When a climber has led a climb from top to bottom with out weighting the rope or gear. Also called a clean ascent. In the 1980s, German climber Kurt Albert marked climbs which he had done with no falls with a redpoint at their base.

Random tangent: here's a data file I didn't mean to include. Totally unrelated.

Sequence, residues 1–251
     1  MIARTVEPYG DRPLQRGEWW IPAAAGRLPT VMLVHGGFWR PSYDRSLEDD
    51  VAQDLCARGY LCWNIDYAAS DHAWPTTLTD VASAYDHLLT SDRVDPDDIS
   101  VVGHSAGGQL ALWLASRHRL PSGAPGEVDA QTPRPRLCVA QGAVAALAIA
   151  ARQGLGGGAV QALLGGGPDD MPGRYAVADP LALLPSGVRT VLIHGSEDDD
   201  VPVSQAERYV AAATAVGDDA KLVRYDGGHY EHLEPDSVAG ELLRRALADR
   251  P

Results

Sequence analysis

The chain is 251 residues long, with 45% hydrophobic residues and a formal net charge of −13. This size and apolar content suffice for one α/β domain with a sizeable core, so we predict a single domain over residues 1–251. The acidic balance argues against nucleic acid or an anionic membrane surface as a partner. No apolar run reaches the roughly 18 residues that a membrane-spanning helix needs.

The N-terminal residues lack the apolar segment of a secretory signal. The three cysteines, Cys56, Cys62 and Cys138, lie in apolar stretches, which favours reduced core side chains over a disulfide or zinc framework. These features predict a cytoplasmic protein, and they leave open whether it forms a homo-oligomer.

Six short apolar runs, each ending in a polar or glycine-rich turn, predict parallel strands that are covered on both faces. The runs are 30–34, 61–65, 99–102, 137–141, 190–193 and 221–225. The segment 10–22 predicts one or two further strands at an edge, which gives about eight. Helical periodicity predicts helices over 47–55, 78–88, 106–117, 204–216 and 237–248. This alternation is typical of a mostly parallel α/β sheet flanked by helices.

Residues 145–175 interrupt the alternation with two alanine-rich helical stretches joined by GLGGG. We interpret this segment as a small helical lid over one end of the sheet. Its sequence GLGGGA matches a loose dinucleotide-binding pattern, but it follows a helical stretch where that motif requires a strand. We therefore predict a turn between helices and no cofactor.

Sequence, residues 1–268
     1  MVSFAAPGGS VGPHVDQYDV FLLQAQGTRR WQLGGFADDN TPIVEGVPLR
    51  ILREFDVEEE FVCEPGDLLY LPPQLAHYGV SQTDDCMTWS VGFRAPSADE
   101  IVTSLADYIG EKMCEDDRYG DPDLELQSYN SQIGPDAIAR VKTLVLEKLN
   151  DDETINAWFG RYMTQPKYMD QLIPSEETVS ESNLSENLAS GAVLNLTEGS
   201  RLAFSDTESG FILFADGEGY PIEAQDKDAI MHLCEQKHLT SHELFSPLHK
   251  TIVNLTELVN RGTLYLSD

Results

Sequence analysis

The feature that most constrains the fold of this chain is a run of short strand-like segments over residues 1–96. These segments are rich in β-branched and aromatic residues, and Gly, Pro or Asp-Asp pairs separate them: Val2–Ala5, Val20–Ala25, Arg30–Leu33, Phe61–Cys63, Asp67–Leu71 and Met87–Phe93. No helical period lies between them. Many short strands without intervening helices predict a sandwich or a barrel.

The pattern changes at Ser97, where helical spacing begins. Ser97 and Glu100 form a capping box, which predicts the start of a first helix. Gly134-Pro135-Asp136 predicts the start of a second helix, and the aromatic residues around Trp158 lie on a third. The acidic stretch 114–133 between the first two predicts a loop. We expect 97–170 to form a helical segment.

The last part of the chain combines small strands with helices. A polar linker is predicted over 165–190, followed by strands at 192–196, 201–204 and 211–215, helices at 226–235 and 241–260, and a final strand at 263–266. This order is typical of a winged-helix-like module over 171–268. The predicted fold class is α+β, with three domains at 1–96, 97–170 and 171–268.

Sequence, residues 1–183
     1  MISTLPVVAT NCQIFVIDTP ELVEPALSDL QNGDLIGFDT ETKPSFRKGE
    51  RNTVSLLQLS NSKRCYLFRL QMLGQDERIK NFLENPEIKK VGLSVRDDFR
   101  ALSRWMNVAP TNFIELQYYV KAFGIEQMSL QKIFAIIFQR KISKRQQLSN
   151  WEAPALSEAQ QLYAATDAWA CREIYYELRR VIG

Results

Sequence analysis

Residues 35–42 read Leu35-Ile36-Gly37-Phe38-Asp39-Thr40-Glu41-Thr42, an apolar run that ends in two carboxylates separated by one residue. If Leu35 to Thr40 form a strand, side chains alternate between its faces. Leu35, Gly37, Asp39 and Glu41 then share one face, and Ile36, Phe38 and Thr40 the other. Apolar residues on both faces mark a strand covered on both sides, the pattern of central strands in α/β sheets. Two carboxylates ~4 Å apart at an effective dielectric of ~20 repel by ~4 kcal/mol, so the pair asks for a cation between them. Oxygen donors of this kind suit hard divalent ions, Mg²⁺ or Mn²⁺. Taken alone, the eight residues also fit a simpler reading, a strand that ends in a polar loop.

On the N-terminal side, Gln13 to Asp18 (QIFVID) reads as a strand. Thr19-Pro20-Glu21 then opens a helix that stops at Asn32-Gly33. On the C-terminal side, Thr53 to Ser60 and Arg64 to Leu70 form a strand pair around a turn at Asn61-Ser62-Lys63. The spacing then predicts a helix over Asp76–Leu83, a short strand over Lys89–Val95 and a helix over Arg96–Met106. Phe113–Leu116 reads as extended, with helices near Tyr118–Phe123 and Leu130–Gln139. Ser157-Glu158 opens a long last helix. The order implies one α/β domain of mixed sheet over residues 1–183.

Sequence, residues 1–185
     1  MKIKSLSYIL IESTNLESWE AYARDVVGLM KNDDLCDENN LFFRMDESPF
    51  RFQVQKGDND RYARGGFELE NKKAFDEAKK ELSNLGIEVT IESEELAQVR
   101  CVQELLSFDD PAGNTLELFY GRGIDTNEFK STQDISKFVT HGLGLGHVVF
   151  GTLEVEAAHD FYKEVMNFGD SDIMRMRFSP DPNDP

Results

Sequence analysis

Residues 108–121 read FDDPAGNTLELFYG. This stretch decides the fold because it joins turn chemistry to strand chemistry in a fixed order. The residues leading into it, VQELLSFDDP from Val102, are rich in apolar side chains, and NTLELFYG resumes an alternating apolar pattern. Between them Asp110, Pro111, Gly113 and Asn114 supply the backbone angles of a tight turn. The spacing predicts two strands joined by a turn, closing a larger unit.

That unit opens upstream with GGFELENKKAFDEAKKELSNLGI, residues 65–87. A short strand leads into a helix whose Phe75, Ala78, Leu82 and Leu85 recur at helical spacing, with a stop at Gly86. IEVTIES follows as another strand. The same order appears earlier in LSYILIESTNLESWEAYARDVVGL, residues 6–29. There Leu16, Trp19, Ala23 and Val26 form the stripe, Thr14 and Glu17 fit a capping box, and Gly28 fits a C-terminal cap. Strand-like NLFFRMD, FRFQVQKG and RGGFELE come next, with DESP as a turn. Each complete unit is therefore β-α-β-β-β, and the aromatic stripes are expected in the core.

Leading a bolted route after inspecting it, and maybe after practising individual moves on a toprope. Originally, if the quickdraws were preplaced, this would be called a pinkpoint; for a redpoint, the leader would have to place the quickdraws as they went. However, preplaced quickdraws have now become the norm and now would be known as a redpoint. [Michele McIntyre] Derived from German Rotpunkt. The word came in to common usage in the Frankenjura in the 1970s: it originated from the practice of painting a small red circle at the bottom of a climb that had been climbed without aid. Kurt Albert and others started the trend. [Julian Mecklenburgh] sport route which is led after watching others, rehearsing moves on toprope, or simply any sport lead where moves have been done before (in the event of a fall). See also cheating, headpoint. [Wil Treasure